What happens after Ganesh Chaturthi celebrations
Arun Kumar | October 5, 2018 | Delhi
It’s a ritual repeated every year. When the month of Bhadrapada (or Bhaado, as Bollywood and popular songs have it) arrives, it’s time for the devout to celebrate the birth of Lord Ganesh. Celebrations are organised by Hindus and other communities alike, in a spirit of togetherness. In Bollywood, many Muslim stars participate in, if not organise, Ganesh pujas, with pandals and aartis and prasad and much drum-beating. At the end of ten days, however, comes the time for visarjan, of ritually immersing the idols in a natural water body. And polluting it with the plaster of Paris used for making the idols, the glue, the paint. Adding to it is the garbage created by 10 days of puja and festivity. Slowly, people are going for idols of clay or biodegradable material. Some make them out of sugarcane or unripe bananas for distribution when the puja is over. But the majority, as these pictures of the Yamuna taken near Kashmiri Gate in Delhi a day after show, still end up uglifying our rivers, lakes, and beaches.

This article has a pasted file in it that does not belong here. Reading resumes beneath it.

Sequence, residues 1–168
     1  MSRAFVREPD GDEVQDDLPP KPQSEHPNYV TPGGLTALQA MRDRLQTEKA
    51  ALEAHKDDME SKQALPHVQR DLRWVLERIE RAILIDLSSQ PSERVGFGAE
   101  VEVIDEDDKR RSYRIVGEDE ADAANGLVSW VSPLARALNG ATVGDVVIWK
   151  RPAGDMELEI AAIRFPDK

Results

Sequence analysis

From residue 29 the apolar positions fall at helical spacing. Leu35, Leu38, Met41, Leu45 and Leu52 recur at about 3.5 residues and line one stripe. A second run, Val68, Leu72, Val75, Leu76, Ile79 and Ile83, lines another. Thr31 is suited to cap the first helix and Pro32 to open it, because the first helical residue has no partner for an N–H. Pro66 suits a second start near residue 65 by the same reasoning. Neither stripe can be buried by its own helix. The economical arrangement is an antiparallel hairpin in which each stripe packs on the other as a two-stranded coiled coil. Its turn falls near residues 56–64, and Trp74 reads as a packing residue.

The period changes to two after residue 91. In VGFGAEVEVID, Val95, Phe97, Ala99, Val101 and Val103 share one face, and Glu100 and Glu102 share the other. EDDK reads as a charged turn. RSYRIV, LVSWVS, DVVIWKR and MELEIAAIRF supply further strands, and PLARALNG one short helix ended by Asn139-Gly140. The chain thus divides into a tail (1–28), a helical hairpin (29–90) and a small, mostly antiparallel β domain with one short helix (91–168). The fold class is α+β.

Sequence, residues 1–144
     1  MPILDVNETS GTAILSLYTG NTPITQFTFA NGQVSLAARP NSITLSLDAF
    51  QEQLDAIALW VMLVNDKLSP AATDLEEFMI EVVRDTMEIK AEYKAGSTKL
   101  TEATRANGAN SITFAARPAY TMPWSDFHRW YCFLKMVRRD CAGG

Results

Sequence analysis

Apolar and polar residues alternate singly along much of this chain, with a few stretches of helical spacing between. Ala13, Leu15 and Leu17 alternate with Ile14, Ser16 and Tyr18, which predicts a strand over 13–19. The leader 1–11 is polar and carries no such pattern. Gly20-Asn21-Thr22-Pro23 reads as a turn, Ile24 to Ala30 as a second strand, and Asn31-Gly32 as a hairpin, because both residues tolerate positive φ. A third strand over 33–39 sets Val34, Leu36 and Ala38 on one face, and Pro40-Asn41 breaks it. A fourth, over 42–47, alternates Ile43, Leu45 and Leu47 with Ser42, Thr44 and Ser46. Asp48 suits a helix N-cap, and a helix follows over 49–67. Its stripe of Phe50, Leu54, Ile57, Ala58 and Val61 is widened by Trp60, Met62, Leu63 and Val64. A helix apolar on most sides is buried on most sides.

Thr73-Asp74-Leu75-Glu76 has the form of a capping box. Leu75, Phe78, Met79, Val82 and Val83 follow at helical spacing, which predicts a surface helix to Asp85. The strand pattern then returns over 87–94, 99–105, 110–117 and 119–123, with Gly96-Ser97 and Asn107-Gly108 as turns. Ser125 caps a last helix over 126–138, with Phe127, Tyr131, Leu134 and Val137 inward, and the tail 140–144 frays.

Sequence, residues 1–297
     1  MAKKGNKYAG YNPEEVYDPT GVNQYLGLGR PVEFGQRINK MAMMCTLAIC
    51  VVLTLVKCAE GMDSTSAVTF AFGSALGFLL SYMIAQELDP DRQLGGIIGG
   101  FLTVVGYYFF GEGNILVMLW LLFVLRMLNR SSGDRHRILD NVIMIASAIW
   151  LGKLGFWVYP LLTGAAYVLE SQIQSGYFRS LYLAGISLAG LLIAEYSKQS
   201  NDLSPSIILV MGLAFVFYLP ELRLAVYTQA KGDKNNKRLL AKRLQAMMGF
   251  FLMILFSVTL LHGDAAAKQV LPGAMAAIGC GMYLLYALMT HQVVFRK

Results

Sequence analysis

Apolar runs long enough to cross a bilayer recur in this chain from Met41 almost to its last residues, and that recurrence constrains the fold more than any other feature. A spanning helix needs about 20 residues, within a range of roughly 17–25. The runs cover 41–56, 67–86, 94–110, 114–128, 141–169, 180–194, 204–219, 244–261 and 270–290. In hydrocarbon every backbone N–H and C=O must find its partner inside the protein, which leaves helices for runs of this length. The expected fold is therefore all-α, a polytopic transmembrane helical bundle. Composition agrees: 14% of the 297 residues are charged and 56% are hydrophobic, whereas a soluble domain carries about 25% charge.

The Yamuna is polluted and unclean to begin with. Untreated effluent and sewage is illegaly voided into it. In the monsoon, the banks are sludged. And the idols worshipped for ten days find a place in the muck.
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